Realisation struck Harry the second pile-driver.

This one he managed to keep quiet, making only a small strangling sound like a dying kitten as he realised who’d put the note on his bed this morning.

Professor McGonagall’s eyes were alight. “After you graduate, or possibly even before, you really must teach some of these Muggle theories at Hogwarts, Mr. Potter. They sound quite fascinating, even if they’re all wrong.”


Professor McGonagall offered him a few more pleasantries, demanded a few more promises to which Harry nodded, said something about not talking to snakes where anyone could hear him, reminded him to read the pamphlet, and then somehow Harry found himself standing outside her office with the door closed firmly behind him.

“Gaahhhrrrraa...” Harry said.

Why yes his mind was blown.

Not least by the fact that, if not for the Prank, he might well have never obtained a Time-Turner in the first place.

Or would Professor McGonagall have given it to him anyway, only later in the day, whenever he got around to asking about his sleep disorder or telling her about the Sorting Hat’s message? And would he, at that time, have wanted to pull a prank on himself which would have led to him getting the Time-Turner earlier? So that the only self-consistent possibility was the one in which the Prank started before he even woke up in the morning...?

Harry found himself considering, for the first time in his life, that the answer to his question might be literally inconceivable. That since his own brain contained neurons that only ran forwards in time, there was nothing his brain could do, no operation it could perform, which was conjugate to the operation of a Time Turner.

Up until this point Harry had lived by the admonition of E. T. Jaynes that if you were ignorant about a phenomenon, that was a fact about your own state of mind, not a fact about the phenomenon itself; that your uncertainty was a fact about you, not a fact about whatever you were uncertain about; that ignorance existed in the mind, not in reality; that a blank map did not correspond to a blank territory. There were mysterious questions, but a mysterious answer was a contradiction in terms. A phenomenon could be mysterious to some particular person, but there could be no phenomena mysterious of themselves. To worship a sacred mystery was just to worship your own ignorance.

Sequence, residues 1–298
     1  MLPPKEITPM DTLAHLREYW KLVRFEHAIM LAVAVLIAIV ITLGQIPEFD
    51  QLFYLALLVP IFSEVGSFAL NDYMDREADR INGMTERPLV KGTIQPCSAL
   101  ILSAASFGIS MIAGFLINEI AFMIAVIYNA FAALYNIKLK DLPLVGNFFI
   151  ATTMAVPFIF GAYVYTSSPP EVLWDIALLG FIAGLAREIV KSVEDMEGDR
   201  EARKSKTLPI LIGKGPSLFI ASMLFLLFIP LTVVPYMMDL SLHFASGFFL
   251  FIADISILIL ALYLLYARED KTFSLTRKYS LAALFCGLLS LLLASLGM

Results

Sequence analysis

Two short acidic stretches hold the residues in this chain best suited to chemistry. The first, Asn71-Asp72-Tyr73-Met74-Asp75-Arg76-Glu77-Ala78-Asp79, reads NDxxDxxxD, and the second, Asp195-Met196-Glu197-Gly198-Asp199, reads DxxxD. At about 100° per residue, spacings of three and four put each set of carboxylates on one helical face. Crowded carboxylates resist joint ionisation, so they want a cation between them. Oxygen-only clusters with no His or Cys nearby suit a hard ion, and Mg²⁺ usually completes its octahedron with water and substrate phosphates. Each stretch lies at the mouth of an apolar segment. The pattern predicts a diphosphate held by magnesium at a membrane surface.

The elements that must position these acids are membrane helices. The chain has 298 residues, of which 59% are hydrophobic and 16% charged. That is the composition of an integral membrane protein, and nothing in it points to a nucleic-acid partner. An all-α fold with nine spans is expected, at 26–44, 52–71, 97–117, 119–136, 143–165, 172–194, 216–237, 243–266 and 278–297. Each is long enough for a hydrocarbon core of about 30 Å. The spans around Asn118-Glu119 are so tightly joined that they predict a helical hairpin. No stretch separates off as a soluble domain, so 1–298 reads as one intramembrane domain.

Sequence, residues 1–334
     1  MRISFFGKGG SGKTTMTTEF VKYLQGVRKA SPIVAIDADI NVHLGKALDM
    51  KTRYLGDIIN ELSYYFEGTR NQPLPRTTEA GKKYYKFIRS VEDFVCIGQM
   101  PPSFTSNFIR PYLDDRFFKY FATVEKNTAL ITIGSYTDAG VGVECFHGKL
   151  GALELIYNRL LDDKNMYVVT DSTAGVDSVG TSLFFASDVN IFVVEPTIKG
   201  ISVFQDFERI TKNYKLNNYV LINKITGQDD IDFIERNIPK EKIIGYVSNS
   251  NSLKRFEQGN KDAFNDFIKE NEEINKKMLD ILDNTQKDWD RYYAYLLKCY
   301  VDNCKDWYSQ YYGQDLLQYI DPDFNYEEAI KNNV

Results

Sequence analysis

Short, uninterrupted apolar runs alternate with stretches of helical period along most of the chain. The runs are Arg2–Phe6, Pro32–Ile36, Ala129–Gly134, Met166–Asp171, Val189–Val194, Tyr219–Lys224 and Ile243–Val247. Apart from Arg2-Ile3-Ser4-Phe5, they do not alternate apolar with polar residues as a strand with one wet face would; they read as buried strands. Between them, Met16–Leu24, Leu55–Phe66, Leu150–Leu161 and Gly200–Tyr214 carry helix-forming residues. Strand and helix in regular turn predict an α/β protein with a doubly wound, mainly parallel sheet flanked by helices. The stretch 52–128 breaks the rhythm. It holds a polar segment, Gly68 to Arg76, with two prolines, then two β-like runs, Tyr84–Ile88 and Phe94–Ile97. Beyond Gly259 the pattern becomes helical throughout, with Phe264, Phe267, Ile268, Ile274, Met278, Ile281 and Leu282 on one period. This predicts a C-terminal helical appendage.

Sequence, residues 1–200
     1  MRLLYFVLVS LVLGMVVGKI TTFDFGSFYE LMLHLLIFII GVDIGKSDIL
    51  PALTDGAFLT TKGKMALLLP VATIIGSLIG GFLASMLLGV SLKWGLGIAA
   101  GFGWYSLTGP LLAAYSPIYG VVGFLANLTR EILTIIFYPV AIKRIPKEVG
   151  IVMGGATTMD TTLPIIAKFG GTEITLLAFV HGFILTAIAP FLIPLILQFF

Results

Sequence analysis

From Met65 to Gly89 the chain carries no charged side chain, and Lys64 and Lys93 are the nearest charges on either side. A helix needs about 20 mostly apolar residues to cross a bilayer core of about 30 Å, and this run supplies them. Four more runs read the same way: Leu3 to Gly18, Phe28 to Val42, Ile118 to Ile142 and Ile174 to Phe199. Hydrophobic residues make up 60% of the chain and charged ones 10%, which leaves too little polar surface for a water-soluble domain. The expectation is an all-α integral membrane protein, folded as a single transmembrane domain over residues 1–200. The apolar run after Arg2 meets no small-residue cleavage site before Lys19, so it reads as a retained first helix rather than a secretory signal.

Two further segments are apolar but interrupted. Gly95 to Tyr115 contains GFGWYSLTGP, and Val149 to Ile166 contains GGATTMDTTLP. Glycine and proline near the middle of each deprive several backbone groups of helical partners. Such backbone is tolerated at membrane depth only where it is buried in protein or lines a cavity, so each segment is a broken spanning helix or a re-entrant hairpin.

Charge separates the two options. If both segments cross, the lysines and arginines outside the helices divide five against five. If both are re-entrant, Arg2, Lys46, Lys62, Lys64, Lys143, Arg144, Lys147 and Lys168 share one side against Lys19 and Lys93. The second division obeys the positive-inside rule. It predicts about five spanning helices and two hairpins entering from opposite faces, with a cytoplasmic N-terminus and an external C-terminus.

So Harry had looked upon magic and refused to be intimidated. People had no sense of history, they learned about chemistry and biology and astronomy and thought that these matters had always been the proper meat of science, that they had never been mysterious. The stars had once been mysteries. Lord Kelvin had once called the nature of life and biology—the response of muscles to human will and the generation of trees from seeds—a mystery “infinitely beyond” the reach of science. (Not just a little beyond, mind you, but infinitely beyond. Lord Kelvin certainly had felt a huge emotional charge from not knowing something.) Every mystery ever solved had been a puzzle from the dawn of the human species right up until someone solved it.

Now, for the first time, he was up against the prospect of a mystery that was threatening to be permanent. If Time didn’t work by acyclic causal networks then Harry didn’t understand what was meant by cause and effect; and if Harry didn’t understand causes and effects then he didn’t understand what sort of stuff reality might be made of instead; and it was entirely possible that his human mind never could understand, because his brain was made of old-fashioned linear-time neurons, and this had turned out to be an impoverished subset of reality.

On the plus side, the Comed-Tea, which had once seemed all-powerful and all-unbelievable, had turned out to have a much simpler explanation. Which he’d missed merely because the truth was completely outside his hypothesis space or anything that his brain had evolved to comprehend. But now he actually had figured it, probably. Which was sort of encouraging. Sort of.